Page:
Palestinian Prisoner Loses Consciousness 60 Days Into Hunger Strike

Mohammed Allaan is hospitalized at Ashkelon's Barzilai Medical Center, where doctors say Allaan will not be force-fed unless his life is in immediate danger.

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Protestors supporting Allaan outside Soroka Medical Center, August 9, 2010.
Protestors supporting Allaan outside Soroka Medical Center, August 9, 2010.Credit: Eliyahu Hershkovitz

Palestinian prisoner Mohammed Allaan, currently on day 60 of a hunger strike, lost consciousness Friday morning at Ashkelon's Barzilai Medical Center and is currently on a respirator.

According to Palestinian reports, Allaan's health has significantly deteriorated and his life is in immediate danger. The Palestinian Prisoners Society said that Allaan had a seizure late Thursday night, and the hospital - currently in touch with the Red Cross - will check in several hours if he has suffered brain damage.

According to Barzilai Medical Center, Allaan was transferred to the hospital on Thursday in stable condition and there was no immediate danger to his life at the time. In fact, the respirator is the first medical procedure performed on Allaan since he's been under the care of Israeli hospitals.

Allaan is the first Palestinian hunger striking prisoner whose condition has deteriorated to the point where mechanical ventilation has been required.

Two previous prominent hunger strikes, held by Khader Adnan and Samer Issawi, were ended by the strikers in a state of malaise after a deal leading to their respective releases from administrative detention was reached.

Israeli MKs Ahmed Tibi and Osama Saadi (Joint Arab List) arrived in Allaan's hospital room early Friday afternoon and called on Israeli Defense Minister Moshe Ya'alon to releasehim immediately.

"There is no justification to continue the administrative detention of a patient dying in intensive care. Allaan must be released immediately to prevent a harsh chain reaction in the Palestinian street and throughout the whole world.

Following reports of Allaan's deterioration, they called for demonstrations throughout the West Bank on his behalf. A solidarity march in Allaan's honor took place in front of the Al-Aqsa mosque, where demonstrators waved Palestinian flags and held up pictures of Allaan, as well as signs protesting administrative detention.

The Palestinian Prisoners' Society also called on prisoners in every Israeli prison to plan to take appropriate steps to demonstrate in the event of Allaan's death. Prisoner leaders responded by announcing plans to revolt.

Haaretz has learned that negotiators on Allaan's behalf held talks with the military prosecutor regarding his release from administrative detention, but failed to secure an end to the hunger strike.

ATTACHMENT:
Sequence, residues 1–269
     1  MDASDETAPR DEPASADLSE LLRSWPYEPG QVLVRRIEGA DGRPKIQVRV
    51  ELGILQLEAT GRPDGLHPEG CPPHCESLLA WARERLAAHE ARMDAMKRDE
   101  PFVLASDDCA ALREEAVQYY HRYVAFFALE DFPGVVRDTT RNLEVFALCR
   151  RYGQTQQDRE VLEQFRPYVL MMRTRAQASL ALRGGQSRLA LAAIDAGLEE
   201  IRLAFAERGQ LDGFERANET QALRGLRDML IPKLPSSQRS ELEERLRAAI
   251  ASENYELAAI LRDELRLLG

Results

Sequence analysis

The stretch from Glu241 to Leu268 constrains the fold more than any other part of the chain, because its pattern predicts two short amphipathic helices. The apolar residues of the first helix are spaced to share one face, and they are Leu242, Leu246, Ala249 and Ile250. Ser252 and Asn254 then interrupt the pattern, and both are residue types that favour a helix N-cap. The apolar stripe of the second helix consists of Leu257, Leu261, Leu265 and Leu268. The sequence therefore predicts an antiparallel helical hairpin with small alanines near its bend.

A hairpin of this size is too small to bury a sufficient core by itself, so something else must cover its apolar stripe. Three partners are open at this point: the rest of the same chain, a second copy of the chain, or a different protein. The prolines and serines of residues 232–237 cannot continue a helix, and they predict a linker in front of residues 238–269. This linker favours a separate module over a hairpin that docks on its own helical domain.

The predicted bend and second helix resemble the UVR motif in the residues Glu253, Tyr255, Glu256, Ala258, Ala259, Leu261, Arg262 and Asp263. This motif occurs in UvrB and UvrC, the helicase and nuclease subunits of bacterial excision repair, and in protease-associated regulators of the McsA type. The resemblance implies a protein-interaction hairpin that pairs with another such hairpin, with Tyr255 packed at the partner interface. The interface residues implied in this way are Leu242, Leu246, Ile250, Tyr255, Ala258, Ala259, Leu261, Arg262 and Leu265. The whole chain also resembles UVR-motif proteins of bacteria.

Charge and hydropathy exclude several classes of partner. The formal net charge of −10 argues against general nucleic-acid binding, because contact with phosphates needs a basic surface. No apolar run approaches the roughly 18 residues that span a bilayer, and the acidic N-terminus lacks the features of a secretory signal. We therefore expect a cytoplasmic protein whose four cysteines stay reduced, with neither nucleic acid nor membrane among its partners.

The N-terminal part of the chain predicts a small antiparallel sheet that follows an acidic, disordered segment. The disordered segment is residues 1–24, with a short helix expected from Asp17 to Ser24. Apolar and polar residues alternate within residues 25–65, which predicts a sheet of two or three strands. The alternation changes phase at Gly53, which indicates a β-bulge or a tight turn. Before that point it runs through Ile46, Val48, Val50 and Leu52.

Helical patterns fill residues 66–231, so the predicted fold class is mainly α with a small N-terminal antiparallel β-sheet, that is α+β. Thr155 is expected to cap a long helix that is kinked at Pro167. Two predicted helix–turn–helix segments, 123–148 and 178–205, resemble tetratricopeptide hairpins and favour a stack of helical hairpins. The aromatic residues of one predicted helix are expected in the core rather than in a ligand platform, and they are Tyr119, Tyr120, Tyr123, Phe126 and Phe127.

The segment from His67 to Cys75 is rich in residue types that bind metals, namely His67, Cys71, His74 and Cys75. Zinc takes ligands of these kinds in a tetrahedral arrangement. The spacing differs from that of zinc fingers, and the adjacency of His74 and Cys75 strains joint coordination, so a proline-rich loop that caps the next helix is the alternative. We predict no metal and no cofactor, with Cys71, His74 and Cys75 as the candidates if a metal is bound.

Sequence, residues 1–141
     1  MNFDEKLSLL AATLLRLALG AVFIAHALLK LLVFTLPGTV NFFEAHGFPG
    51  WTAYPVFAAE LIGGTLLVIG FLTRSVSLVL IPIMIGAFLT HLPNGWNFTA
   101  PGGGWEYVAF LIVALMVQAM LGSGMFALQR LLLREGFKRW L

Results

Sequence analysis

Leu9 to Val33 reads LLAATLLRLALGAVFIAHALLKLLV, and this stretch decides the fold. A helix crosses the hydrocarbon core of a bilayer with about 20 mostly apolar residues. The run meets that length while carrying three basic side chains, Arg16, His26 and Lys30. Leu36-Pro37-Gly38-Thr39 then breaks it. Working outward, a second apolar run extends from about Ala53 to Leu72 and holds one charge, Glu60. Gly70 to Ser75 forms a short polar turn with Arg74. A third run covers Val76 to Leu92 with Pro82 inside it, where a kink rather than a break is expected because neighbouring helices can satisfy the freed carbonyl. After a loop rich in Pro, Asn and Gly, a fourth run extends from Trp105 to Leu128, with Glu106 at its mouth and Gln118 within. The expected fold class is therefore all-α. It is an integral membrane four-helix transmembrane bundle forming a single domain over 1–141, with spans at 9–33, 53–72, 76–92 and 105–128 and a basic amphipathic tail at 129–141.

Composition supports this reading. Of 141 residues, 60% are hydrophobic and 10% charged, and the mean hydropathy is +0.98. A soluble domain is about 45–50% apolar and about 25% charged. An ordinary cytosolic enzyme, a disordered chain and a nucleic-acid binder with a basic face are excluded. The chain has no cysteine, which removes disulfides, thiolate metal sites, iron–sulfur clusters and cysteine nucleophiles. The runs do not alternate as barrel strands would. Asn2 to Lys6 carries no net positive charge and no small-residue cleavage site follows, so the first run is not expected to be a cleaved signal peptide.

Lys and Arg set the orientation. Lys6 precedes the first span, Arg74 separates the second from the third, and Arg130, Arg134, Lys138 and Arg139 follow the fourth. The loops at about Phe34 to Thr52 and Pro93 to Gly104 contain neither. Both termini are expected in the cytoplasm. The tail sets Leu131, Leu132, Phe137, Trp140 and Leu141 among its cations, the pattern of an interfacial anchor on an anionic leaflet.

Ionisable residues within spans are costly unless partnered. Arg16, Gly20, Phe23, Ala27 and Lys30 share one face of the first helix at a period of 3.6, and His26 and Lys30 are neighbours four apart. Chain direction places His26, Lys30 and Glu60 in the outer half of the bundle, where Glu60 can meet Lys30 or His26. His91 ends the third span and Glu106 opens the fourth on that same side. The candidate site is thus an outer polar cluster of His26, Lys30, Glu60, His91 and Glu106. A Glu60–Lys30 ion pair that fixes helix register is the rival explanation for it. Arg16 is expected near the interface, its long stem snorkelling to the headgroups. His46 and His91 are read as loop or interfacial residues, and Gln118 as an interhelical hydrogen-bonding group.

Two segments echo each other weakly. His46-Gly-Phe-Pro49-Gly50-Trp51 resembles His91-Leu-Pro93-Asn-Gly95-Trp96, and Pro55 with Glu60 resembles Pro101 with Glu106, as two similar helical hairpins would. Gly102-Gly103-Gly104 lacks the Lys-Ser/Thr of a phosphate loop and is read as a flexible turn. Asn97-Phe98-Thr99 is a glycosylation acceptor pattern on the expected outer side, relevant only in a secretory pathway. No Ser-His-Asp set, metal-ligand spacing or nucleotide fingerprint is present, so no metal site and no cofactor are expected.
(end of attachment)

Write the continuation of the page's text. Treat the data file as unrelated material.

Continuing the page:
According to a Palestinian source involved in the matter, Israel firmly opposed Allaan's release, especially after the agreement reached between the state and Adnan.

According to the source, Israel fears that such a move could encourage administrative detainees to follow Allaan's lead, especially after seven Palestinian detainees began their own respective hunger strikes over the past two weeks.

On Thursday, Israel's Prison Service Thursday denied a request to free Allaan due to his rapidly deteriorating health.

Allaan, a 33-year-old attorney who has been jailed without trial and without being charged with any offense for over nine months, has been on a hunger strike for 60 days. He is hospitalized in Ashkelon’s Barzilai Medical Center, after being moved from the intensive care unit in Soroka Medical Center in Be’er Sheva, where he was brought in critical condition.

Allaan, from the village of Einabus, south of Nablus, was transferred by prison authorities from Soroka’s intensive care unit, where doctors refused to force-feed him, to Barzilai on Monday. Authorities apparently believed the doctors at Barzilai would be willing to force-feed him.

However, Barzilai’s director Dr. Hezi Levy said Allaan would not be force-fed unless his life was in immediate danger.

Allaan’s lawyer, Abeer Baker, said Allaan was having trouble speaking, his sight was deteriorating and he had difficulty identifying his visitors. Allaan has refused to receive medical treatment or vitamins and because he is not thought to be in mortal danger, the doctors would not force him to accept it.

Baker cited the International Red Cross organization, which described Allaan’s condition as critical and “at immediate risk of death.” She noted that the parole law enables to release a prisoner at any time on the basis of a doctor’s opinion, or if the prisoner’s condition has reached a stage of disorientation.

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